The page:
Steps and Objectives

  1. Set ODESkeleton poses (3 marks)

    Write code to set the pose of the ODE skeleton simulation from the motion capture skeleton. You will need to call setPosition on the odeBody stored with each SkeletonNode. When "follow mocap" is selected in the control panel, the OdeMocapApp will call setCurrentPose on each display call, so you can verify that your solution is correct by verifying that the ODE skeleton (drawn with ellipsoids) tracks the wire frame boxes of the SkeletonNodes as they display different frames from the motion capture.
  2. Set ODESkeleton velocities (3 marks)

    Write code to set the velocity of the ODE skeleton bodies to match the velocity of the motion capture. You should verify that you are setting the velocity correctly by turning off "follow mocap" and stepping the system to check that the bodies roughly follow the trajectory of the motion capture. You will want to disable collision detection to do this test, and you may likewise want to disable gravity.
  3. Rag-doll simulation (1 mark)

    Given that you can set the initial position and velocity of all the bodies in the skeleton, you can now create a rag doll simulation. Uncomment the createSkeletonJoints call in OdeMocapApp to create joint constraints in the simulation, and test that your simulation still works. Note that this is not much of an objective, but you could note that it might be useful to create hinge joint constraints for some joints, and likewise set joint limits (see optional objectives below).
  4. Joint springs (1 mark)

    To improve the rag doll simulation, we can have our simulated character continue to try to produce the movement recorded in the motion capture. Write code in ODESkeleton.applyJointTorques to compare the rotation of a node with respect to its parent in the motion capture, to the rotation of an odeBody with respect to its parent in your simulation. Apply a torque proportional to the difference between these two bends.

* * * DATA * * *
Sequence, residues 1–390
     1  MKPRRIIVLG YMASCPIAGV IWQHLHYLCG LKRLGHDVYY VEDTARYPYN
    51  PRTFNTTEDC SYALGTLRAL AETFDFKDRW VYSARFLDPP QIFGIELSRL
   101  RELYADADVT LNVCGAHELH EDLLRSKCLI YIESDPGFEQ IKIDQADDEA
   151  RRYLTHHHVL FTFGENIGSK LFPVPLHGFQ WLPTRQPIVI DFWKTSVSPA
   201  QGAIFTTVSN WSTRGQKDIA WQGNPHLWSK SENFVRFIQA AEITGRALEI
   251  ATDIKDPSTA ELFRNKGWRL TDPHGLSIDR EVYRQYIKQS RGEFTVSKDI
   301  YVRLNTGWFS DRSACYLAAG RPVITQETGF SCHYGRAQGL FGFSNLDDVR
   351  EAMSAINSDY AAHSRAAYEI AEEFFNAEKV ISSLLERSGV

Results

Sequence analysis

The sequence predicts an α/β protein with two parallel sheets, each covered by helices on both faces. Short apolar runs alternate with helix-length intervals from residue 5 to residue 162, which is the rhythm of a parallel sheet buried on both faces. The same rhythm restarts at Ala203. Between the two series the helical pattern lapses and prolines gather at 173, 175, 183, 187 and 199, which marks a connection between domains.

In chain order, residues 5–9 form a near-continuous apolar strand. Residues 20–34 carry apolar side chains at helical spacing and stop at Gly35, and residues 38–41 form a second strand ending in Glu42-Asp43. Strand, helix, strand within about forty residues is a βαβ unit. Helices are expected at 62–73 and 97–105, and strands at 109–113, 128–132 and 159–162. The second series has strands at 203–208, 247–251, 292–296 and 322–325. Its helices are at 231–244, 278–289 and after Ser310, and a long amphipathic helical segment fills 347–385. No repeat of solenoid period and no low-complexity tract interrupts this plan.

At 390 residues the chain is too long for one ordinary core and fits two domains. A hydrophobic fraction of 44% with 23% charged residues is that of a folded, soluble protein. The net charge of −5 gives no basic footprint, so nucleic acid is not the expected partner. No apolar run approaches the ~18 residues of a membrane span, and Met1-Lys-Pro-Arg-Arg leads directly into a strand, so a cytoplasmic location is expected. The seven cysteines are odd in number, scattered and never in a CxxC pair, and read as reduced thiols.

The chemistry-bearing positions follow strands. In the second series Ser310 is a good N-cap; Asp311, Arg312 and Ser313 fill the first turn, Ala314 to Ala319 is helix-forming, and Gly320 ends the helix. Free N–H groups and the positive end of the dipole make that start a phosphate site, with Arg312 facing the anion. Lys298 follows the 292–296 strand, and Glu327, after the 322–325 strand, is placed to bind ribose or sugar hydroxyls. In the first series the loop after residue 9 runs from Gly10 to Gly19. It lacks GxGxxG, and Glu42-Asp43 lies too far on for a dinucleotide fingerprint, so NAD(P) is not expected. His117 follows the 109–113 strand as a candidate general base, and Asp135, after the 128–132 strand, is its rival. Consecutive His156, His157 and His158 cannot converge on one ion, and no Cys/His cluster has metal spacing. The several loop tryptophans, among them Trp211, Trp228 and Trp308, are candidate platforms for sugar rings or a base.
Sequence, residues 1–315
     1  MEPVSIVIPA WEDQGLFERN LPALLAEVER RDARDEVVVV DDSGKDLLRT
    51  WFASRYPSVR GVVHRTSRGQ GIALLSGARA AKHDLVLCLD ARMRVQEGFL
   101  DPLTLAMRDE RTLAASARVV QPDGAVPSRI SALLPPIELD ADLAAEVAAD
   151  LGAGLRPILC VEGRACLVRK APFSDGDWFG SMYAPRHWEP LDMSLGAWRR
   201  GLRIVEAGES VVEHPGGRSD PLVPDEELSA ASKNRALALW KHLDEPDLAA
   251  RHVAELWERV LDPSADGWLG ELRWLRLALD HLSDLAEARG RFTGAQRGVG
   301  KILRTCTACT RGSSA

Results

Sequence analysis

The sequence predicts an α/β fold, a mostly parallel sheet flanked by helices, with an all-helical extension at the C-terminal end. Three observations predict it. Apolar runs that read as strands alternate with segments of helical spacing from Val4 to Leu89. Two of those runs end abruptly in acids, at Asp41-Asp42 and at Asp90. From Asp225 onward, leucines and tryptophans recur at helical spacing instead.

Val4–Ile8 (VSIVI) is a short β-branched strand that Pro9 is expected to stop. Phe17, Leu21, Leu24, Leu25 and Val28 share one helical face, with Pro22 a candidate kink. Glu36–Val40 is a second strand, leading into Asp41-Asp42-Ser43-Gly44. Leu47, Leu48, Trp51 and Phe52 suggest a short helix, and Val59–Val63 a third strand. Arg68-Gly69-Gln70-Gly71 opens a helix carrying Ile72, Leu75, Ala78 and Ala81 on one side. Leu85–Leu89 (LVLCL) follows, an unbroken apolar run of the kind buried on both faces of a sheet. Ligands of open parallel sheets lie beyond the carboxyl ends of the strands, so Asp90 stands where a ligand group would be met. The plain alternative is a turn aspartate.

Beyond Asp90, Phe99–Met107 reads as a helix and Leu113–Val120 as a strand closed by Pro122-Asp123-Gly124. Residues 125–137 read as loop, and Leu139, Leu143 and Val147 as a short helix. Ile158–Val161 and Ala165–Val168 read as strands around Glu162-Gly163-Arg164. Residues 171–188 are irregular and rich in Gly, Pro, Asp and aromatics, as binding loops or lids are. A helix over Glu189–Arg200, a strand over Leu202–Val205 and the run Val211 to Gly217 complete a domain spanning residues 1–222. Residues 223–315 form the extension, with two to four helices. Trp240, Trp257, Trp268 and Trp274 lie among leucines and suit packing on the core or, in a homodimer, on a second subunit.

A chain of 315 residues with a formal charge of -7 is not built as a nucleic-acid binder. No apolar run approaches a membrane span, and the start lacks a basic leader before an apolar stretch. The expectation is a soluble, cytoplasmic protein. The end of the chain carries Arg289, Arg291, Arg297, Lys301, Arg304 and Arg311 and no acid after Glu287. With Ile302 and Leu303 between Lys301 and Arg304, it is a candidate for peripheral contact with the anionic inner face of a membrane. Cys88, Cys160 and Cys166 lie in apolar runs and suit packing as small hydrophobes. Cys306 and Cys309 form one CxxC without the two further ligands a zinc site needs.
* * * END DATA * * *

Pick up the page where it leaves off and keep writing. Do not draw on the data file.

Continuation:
Note that you might find it easier to test just an individual joint spring. You can do this by modifying the joint constraint creation code to only create the one joint you want to test, and likewise only apply torques for that one joint. Use a comparison with the node.name to select the joint in question.

    The default spring stiffness is probably reasonable, but you should test with lower and higher stiffness to see what is possible. Note, likewise, that it would be very reasonable to set each joint's stiffness differently and likewise to modulate that stiffness over time based on the task (this is not an objective).

  5. Velocity damping at joints (1 mark)

    You should also compute and apply a damping force based on the relative velocity of the bodies in the simulation (note that this could instead be a damping force that compares the simulated relative velocity to the desired relative velocity, but this is not necessary for this assignment).

    The default damping coefficient for the joints should be suitable, but you may also find it to be a bit high. Consider experimenting with different values, and again, note that it would be reasonable to set a different coefficient for each joint and to vary it over time (this is not an objective).

  6. Make a movie (1 mark)